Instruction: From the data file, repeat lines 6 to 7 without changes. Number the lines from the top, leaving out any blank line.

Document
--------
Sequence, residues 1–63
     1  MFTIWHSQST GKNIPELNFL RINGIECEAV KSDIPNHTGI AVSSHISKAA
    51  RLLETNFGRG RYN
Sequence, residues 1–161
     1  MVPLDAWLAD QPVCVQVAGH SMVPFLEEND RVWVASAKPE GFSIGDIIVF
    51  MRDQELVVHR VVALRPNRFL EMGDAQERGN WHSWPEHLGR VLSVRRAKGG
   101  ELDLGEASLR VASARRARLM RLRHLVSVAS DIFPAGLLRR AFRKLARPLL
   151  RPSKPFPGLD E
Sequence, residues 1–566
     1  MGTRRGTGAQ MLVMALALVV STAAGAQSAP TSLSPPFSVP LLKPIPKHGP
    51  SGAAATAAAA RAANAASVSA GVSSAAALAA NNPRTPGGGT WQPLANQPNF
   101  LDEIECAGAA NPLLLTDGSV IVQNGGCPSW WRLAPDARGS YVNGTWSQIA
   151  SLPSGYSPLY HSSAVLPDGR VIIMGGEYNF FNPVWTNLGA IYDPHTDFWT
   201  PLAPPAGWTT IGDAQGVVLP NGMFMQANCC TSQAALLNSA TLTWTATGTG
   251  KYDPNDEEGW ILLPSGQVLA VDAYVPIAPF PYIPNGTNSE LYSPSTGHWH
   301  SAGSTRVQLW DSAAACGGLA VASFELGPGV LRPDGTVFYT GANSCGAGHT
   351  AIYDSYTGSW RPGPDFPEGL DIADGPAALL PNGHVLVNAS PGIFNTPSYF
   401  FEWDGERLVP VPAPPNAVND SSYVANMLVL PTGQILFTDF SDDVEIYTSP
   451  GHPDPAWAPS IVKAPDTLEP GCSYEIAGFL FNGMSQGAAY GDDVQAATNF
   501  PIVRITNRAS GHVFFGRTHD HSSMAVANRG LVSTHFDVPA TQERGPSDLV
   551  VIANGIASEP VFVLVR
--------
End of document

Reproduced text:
    51  MRDQELVVHR VVALRPNRFL EMGDAQERGN WHSWPEHLGR VLSVRRAKGG
   101  ELDLGEASLR VASARRARLM RLRHLVSVAS DIFPAGLLRR AFRKLARPLL